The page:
Today, Capernaum is our city and our village, where there are sick people, some we know, others anonymous, often forgotten because of the hectic rhythm of life that we lead. Loaded with work, we rush about non-stop without thinking of those who, due to their illness or for whatever other circumstance, remain marginalised from the frenetic activity of our world. However, Jesus told us: «Truly, I say to you: whenever you did this to these little ones who are my brothers and sisters, you did it to me» (Mt 25:40). The great thinker Blaise Pascal follows this idea when he says that «in his believers, Jesus finds himself in the agony of Gethsemane until the end of time».
The centurion of Capernaum does not forget about his servant who is ill in bed, because he loves him. In spite of being more powerful and having more authority than his servant, the centurion is grateful to him because of all his years of help and appreciates him very much. Because of that, he approaches Jesus, and in the Saviour's presence, manages to make an extraordinary confession of faith, seen in the liturgy of the Eucharist: «I am not worthy to have you under my roof. Just give an order and my servant will be healed» (Mt 8:8). This confession is based on hope; it comes from the centurion's faith in the Lord and, at the same time, from his feeling of lack personal worthiness, which makes him aware of his own neediness.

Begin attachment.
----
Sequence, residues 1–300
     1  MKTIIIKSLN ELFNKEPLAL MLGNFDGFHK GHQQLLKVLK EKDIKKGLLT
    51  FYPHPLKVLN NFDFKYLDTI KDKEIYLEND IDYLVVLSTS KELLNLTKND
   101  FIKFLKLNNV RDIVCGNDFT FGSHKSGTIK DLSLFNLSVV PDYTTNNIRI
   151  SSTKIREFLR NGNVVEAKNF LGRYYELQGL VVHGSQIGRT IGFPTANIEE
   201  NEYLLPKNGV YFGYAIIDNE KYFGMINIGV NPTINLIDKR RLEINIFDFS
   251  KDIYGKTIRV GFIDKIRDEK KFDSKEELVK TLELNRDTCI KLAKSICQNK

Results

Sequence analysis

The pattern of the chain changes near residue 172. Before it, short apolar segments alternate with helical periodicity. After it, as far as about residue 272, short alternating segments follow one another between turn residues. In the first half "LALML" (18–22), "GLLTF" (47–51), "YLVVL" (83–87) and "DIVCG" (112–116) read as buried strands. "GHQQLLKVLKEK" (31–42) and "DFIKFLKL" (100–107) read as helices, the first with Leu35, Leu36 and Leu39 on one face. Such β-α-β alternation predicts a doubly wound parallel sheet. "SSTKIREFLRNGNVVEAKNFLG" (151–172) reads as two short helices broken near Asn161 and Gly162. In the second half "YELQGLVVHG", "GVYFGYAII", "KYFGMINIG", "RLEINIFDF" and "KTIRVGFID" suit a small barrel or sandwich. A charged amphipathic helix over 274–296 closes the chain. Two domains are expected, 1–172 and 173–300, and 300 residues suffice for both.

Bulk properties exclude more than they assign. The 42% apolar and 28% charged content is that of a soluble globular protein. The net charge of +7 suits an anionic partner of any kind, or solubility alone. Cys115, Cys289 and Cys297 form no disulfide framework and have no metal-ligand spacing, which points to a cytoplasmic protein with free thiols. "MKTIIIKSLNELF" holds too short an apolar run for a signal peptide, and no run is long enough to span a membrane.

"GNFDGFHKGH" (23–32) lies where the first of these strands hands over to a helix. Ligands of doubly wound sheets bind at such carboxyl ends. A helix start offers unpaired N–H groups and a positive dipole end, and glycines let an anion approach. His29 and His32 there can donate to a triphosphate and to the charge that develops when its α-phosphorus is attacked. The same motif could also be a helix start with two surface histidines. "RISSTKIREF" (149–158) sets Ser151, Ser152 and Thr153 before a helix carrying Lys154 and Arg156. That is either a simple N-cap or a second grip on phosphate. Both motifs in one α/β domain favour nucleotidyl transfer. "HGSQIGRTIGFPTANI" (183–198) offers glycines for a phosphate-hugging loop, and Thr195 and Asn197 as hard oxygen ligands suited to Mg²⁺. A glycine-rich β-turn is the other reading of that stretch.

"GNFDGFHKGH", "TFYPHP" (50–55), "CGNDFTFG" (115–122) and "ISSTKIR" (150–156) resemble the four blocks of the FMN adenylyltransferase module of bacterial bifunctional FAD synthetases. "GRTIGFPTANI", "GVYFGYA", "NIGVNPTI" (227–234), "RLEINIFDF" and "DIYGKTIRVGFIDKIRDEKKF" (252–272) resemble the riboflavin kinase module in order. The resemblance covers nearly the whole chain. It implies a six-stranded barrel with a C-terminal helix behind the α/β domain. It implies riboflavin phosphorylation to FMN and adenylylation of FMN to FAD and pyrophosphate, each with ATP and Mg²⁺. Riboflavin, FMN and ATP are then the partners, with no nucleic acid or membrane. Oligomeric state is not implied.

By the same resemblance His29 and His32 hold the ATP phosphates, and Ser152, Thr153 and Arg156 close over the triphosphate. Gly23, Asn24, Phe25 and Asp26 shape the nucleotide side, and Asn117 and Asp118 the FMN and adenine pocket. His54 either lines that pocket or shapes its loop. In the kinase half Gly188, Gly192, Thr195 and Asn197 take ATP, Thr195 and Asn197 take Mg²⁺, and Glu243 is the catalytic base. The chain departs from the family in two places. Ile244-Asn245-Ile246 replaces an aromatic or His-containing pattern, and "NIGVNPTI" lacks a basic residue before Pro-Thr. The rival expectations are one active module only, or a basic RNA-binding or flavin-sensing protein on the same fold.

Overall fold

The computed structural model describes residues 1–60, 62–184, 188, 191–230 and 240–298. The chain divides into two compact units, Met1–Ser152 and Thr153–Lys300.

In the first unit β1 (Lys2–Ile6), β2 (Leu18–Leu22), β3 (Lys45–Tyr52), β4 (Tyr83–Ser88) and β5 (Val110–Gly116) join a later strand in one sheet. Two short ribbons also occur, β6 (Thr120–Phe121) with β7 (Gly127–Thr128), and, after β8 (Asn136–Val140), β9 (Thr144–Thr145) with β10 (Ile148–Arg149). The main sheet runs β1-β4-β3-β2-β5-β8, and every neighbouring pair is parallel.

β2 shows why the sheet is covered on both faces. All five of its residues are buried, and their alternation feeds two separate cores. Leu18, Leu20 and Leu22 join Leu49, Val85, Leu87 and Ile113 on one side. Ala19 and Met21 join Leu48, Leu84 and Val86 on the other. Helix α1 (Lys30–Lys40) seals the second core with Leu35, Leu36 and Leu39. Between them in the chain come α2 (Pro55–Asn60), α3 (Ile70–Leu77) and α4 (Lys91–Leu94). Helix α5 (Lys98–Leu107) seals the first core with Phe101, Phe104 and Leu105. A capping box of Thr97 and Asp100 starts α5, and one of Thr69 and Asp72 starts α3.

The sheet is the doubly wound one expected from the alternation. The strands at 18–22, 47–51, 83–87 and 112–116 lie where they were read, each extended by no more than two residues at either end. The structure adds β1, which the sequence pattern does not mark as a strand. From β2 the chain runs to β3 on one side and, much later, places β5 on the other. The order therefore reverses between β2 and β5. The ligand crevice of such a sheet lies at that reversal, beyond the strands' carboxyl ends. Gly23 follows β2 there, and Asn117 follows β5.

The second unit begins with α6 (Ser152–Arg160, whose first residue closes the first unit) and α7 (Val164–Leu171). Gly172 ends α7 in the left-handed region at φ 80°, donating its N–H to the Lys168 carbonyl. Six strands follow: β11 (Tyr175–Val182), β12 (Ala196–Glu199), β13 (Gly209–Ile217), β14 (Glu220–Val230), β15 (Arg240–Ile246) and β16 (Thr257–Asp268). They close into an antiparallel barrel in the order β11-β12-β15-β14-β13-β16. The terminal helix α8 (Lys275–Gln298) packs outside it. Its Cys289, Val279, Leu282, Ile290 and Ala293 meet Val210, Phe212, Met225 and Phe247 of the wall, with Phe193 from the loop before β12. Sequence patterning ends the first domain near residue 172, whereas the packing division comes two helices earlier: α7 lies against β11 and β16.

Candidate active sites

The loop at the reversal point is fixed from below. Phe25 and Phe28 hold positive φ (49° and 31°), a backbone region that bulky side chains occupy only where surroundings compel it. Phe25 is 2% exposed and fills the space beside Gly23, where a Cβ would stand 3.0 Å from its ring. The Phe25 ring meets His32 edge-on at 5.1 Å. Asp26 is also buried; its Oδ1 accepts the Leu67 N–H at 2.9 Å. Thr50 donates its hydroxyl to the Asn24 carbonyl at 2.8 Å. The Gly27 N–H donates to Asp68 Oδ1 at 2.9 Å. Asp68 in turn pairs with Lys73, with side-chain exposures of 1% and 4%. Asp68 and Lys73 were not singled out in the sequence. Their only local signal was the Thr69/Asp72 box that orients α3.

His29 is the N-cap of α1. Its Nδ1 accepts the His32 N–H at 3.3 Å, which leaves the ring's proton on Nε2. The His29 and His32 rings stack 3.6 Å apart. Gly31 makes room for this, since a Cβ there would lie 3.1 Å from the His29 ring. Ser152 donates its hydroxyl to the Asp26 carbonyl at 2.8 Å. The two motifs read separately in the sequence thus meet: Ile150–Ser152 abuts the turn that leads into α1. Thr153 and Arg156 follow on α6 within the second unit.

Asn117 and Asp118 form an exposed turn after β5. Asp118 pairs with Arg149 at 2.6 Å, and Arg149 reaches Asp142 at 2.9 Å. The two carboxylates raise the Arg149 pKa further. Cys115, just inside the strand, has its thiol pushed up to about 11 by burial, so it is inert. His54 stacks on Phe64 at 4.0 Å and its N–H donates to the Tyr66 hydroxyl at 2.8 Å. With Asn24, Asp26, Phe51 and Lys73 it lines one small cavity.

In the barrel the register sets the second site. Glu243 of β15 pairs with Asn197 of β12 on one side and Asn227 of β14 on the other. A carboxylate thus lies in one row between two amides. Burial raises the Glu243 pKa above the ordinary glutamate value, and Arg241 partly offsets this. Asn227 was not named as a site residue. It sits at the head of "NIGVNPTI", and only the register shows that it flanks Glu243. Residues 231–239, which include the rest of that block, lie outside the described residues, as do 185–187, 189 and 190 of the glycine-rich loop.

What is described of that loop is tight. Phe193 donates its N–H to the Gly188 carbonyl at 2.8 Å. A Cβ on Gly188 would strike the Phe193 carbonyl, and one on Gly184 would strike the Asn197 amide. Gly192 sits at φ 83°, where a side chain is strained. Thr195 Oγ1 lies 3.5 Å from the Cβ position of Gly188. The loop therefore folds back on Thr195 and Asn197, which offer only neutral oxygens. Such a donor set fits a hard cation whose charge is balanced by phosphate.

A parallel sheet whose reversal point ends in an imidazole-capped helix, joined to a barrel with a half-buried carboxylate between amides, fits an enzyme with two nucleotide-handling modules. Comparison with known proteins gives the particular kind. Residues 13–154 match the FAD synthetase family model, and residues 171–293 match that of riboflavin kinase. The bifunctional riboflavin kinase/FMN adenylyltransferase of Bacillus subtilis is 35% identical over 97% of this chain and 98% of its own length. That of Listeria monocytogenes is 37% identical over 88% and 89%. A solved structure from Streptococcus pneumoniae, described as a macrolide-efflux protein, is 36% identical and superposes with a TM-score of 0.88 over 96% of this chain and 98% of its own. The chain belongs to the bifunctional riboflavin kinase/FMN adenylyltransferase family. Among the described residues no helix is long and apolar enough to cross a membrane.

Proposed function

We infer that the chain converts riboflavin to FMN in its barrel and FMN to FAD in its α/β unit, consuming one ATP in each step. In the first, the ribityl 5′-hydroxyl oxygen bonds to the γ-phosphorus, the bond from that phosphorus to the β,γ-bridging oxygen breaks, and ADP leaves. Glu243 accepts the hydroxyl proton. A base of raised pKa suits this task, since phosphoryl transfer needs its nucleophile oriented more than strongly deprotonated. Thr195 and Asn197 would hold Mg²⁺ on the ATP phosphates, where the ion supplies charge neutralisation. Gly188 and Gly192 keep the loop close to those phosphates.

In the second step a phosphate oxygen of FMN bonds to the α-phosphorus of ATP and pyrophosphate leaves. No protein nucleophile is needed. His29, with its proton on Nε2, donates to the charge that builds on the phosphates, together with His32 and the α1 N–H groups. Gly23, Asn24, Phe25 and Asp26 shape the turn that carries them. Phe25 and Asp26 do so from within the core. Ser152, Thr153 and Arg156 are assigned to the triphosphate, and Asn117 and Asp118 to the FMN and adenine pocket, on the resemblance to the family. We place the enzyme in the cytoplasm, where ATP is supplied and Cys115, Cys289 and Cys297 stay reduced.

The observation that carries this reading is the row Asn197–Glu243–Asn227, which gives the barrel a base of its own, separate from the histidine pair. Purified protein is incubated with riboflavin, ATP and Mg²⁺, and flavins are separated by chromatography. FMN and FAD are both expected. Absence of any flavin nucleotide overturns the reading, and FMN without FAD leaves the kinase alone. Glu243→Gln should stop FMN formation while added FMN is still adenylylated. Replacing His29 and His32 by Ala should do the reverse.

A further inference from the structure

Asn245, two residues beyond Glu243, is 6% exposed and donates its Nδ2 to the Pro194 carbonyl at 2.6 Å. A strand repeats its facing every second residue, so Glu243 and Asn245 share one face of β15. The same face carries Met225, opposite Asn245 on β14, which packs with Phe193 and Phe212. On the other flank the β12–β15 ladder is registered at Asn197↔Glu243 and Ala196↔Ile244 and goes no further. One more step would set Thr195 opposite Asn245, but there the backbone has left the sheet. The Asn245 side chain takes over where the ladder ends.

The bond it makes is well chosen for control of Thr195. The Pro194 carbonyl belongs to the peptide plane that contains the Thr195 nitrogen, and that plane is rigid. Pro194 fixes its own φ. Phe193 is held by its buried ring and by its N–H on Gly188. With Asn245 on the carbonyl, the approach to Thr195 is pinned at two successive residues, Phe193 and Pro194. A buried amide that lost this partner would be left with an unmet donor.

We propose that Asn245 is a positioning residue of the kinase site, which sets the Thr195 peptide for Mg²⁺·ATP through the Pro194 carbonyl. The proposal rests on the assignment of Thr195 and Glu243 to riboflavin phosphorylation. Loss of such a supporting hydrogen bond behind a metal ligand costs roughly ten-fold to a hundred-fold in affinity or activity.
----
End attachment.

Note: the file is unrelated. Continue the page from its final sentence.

We can only approach Jesus with a humble attitude, like that of the centurion. That way we can live the hope of Advent: the hope of salvation and life, of reconciliation and peace. Only he who acknowledges his poverty and realizes that the meaning of life is not to be found in himself, but in God, in turning his life over to Him, can really have hope. Let's approach Christ confidently, and, at the same time, make the centurion's prayer our own.